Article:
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Fig. 1 (A, B) Preoperative magnetic resonance imaging showing multiple cystic lesions on both sides of brain.
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Fig. 2 Microphotograph showing the layers of the cyst wall with scolex (hematoxylin and eosin 100x).
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Fig. 3 One of the cysts being delivered unruptured.
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Fig. 4 Multiple cysts following surgery.
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Fig. 5 One of the deep-seated cysts seen following corticotomy.

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Discussion

There are few published reports of primary cerebral echinococcosis in adults compared with other sites.[3] [4] Moreover, they are more commonly seen in children. Presence of a patent ductus arteriosus allowing blood to shunt from right to left bypassing the lungs may be a predisposing factor for it. Al Zain et al[5] proposed following ways by which multiple hydatid cysts in brain can be caused:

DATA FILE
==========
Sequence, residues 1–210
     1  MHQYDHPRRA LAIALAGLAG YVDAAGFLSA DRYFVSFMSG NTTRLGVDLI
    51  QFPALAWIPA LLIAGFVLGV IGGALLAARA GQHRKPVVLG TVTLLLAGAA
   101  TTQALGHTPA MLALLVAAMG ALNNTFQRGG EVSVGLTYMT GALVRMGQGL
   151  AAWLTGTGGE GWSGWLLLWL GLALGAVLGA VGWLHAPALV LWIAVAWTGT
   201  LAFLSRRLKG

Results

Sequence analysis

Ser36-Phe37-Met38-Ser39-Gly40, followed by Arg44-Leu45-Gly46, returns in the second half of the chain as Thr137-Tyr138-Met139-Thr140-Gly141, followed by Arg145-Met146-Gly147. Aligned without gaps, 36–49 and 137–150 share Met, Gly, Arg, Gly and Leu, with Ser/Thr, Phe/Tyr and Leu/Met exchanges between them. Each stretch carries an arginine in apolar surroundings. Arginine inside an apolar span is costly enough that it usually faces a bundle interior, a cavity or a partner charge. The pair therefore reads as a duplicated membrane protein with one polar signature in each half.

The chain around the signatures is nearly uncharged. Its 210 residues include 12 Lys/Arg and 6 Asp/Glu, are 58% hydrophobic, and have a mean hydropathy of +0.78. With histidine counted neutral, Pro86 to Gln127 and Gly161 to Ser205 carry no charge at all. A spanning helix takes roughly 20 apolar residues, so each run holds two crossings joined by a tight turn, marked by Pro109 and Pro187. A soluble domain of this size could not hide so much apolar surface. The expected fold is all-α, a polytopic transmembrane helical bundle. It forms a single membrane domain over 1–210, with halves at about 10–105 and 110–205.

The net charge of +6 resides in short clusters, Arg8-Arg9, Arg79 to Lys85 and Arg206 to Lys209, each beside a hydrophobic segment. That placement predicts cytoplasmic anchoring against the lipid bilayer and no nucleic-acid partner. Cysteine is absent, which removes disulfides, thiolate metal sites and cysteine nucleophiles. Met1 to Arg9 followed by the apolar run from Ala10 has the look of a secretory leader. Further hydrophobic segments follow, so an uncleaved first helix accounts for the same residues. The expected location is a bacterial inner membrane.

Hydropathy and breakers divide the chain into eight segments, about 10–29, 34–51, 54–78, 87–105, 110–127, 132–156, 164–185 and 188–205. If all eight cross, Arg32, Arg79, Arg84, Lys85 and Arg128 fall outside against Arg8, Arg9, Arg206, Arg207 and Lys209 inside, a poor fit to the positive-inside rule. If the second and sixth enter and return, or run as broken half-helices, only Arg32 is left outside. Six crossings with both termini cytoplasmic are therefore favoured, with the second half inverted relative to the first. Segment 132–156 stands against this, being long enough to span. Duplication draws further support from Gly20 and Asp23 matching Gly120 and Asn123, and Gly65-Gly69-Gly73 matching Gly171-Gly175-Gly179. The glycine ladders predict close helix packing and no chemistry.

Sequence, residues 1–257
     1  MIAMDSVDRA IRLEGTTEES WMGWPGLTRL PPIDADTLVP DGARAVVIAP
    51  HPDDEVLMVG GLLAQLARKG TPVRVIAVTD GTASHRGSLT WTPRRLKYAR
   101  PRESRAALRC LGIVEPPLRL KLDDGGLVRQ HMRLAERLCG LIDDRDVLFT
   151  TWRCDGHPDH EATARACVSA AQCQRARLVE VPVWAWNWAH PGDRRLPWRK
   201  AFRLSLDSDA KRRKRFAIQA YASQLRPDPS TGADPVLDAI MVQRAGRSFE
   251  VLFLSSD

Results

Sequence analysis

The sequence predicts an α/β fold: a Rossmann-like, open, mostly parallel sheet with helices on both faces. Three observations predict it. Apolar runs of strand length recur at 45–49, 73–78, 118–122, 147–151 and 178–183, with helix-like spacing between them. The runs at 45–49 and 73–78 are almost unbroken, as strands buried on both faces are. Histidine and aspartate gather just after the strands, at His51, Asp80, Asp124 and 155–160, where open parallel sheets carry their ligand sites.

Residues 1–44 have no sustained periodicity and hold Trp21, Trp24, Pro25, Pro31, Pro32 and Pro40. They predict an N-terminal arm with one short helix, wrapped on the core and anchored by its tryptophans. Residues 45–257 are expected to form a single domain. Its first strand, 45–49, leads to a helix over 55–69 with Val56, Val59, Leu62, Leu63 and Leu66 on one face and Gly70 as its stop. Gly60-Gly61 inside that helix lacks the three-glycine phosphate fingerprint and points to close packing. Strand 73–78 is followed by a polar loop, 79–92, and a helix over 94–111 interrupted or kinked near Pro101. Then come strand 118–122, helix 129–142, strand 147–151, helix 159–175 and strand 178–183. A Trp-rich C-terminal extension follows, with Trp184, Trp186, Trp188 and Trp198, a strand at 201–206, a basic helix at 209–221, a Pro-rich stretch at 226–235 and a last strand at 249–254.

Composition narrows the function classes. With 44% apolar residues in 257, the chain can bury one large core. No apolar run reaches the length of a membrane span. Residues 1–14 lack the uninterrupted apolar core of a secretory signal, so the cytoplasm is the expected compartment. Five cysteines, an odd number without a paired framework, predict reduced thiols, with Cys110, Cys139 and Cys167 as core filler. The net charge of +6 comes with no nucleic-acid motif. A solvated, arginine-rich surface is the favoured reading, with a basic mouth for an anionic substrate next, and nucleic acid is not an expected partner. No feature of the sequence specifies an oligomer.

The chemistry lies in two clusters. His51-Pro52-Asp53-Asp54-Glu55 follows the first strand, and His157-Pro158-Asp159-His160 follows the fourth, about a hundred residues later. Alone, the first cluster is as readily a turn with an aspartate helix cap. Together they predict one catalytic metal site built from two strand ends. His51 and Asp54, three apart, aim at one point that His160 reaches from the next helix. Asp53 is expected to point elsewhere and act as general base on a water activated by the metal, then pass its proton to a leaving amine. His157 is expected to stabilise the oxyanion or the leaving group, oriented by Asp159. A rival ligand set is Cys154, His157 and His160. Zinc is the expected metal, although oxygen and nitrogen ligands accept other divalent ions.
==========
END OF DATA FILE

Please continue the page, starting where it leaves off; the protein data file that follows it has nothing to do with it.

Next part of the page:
1. Multiple echinococcal eggs ingestion resulting in multiple individual primary lesions.

  2. Rupture of a primary cyst.

  3. Multiple cysts emanating from other organs like liver and lungs.

In addition, lung echinococcosis resulting in capillary invasion[6] and pre-existing left ventricular pathology in a patient of hydatid cyst[6] [7] are already reported in literature as possible mechanisms for multiple echinococcosis.

In reported literature, there are no large series studying the management, complications, and outcome of surgery in multiple primary hydatid cysts of brain in adults. Most of them are case reports of single or few cases.[3] [4] [8] [9] Svrckova et al in their report of three cases mentioned that such cases usually present with raised intracranial pressure or focal deficits but sometimes may present with unusual features like embolic stroke.[4] However, Ramosaço et al reported that these cases may be asymptomatic for a long duration with only vague symptoms and can suddenly deteriorate.[9] In our case too, the patient had symptoms for a long duration without focal deficits till the cysts attained very large sizes.

The differential diagnosis between primary and secondary cysts can be complicated at times but can be made by detailed examination of the cysts. In our case, there was presence of myriad of scolices along with capsule inside the cysts. Since there was no evidence of hydatid in other organs too, it can be categorically stated that it was a case of primary echinococcosis.